Finding Rick Santorum’s Cinematic Avatar


Last fall’s remake of Footloose (out on DVD next week) seems particularly well-timed — and not just because it’s the tale of an oppressed underclass rising up to fight the power. (Occupy Bomont!) Consider this: Footloose, in both of its incarnations, is the story of a deeply religious man, and an occasional politician, harboring a single-minded obsession with protecting the innocence of his flock by imposing his personal morality and biblical theology upon them. That’s right — if the 2012 election is Footloose, well, over the last couple of weeks, Rick Santorum is looking more and more like Reverend Shaw Moore. Why should we care? According to the results of a new USA Today/Gallup Poll, if we were all voting today, he’d defeat President Obama by three percentage points.

To refresh your memory, Moore’s crusade was against dancing and rock and roll — specifically, “its gospel of easy sexuality and relaxed morality.” Sound familiar? Santorum’s crusades are against gay marriage and contraception, but the fear is the same; Moore’s sermons are indiscernible from Santorum’s, preoccupied with God’s law and the dirty, filthy pleasures of the flesh.

Two quotes:

God has given us this great country to allow his people — to allow his people to be free, has given us that dignity because we are a creation of his, and we need to honor that creation.


America and our Founders understood that if we are just a bunch of folks that care about ‘stuff,’ we have a very, very narrow view of freedom. We have a very, very narrow view of what God’s call is in our life. Because that’s why he gave us these rights… To pursue ‘happiness.’ Something bigger. Now today, if you look at the word ‘happiness,’ you’d say, ‘Well, maybe we’re supposed to go out and have fun! That’s what the Founders wanted us to do, go out and have fun! Be happy, enjoy things, seek pleasure! [Emphasis mine] You think that’s what those stuffy old guys were telling you to do? Go out and ‘be happy,’ the way we understand it today? No, no. That’s not what they thought. You see, ‘happiness’ actually had a different definition, way back at the time of our Founders. Like many words in our lexicon, they evolve and change over time. ‘Happiness’ is one of them. Go back and look it up. You’ll see one of the principle definitions of happiness is to do the morally right thing.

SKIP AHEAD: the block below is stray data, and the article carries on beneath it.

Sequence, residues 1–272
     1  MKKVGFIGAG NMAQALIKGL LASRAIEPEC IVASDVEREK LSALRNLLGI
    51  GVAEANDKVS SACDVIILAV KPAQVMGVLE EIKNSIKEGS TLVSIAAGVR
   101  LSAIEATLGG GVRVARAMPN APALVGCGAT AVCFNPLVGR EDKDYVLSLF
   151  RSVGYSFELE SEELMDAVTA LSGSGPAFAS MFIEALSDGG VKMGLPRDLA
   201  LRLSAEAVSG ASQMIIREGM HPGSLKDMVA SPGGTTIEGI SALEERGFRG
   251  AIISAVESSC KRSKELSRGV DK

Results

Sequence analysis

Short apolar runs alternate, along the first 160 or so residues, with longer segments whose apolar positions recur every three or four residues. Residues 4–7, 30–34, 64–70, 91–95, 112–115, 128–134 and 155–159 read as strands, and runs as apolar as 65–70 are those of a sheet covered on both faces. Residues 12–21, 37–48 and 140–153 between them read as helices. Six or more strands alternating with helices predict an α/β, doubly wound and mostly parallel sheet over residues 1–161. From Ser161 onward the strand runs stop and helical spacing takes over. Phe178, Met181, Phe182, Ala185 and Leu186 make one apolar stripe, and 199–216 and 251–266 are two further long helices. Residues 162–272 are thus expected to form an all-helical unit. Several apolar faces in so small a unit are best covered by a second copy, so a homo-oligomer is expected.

Quick — which one’s Santorum and which one’s Moore? (The first one is from the movie. The second is from Santorum’s sermon/campaign speech at First Redeemer Church in Cumming, Georgia a little over a week ago, and yes, it is funny to hear Rick Santorum, or all people, talking about how words “evolve and change over time.”)

The only serious divergence between Santorum and Lithgow occurs towards the film’s climax, when Rev. Moore witnesses a book burning and decides that’s a bridge too far. If Santorum stumbled across, say, a bonfire of Oscar Wilde and Truman Capote books, well, who knows.

And that’s why, even if by some miracle (ha ha) Santorum clinches the nomination, it seems so unlikely that he could win the presidency. Because at the end of the day, as a country, we don’t like being told how to live; we don’t like being preached at. Something like Footloose may just be an empty-headed entertainment, but the movies we hold dear to us say a lot about our national character, and damnit, if we wanna cut loose, foot loose, kick off our Sunday shoes, etc., we’re gonna do that.

Another classic cult movie also holds the key to Romney’s trouble on the ticket; every time the man opens his mouth and starts braying at us, all I can hear is this guy:

Romney is the loathsome boss you can’t stand; Santorum is the sanctimonious preacher you hear but don’t actually listen to. Lumbergh/Moore 2012.